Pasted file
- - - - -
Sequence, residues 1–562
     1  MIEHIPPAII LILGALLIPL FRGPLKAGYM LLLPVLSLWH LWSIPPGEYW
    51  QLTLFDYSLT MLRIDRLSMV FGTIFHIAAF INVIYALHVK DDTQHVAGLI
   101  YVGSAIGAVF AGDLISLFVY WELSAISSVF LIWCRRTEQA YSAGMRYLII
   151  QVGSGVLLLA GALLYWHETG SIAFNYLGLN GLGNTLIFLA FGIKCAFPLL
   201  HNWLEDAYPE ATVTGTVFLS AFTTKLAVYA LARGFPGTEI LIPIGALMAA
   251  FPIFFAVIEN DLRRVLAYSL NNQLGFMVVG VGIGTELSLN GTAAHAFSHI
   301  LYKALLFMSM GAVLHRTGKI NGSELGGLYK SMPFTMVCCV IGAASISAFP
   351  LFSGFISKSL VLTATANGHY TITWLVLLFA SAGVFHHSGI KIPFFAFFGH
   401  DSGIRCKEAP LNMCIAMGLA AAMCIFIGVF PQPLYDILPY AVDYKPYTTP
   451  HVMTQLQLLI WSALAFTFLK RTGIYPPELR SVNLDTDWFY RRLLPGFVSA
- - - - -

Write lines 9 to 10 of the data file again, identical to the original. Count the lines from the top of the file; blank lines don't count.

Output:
   351  LFSGFISKSL VLTATANGHY TITWLVLLFA SAGVFHHSGI KIPFFAFFGH
   401  DSGIRCKEAP LNMCIAMGLA AAMCIFIGVF PQPLYDILPY AVDYKPYTTP